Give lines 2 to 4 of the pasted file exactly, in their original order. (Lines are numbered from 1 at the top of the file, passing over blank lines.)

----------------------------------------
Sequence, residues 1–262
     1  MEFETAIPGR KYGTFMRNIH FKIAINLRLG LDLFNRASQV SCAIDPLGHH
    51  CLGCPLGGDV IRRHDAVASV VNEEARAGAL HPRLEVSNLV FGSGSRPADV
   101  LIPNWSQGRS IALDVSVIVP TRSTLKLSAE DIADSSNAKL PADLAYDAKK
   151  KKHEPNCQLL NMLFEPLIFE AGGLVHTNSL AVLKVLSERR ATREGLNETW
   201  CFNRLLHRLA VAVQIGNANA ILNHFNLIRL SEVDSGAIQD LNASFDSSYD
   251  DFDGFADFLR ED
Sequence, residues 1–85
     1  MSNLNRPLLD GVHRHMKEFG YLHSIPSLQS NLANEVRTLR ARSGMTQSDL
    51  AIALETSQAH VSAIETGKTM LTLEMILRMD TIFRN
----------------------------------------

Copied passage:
     1  MEFETAIPGR KYGTFMRNIH FKIAINLRLG LDLFNRASQV SCAIDPLGHH
    51  CLGCPLGGDV IRRHDAVASV VNEEARAGAL HPRLEVSNLV FGSGSRPADV
   101  LIPNWSQGRS IALDVSVIVP TRSTLKLSAE DIADSSNAKL PADLAYDAKK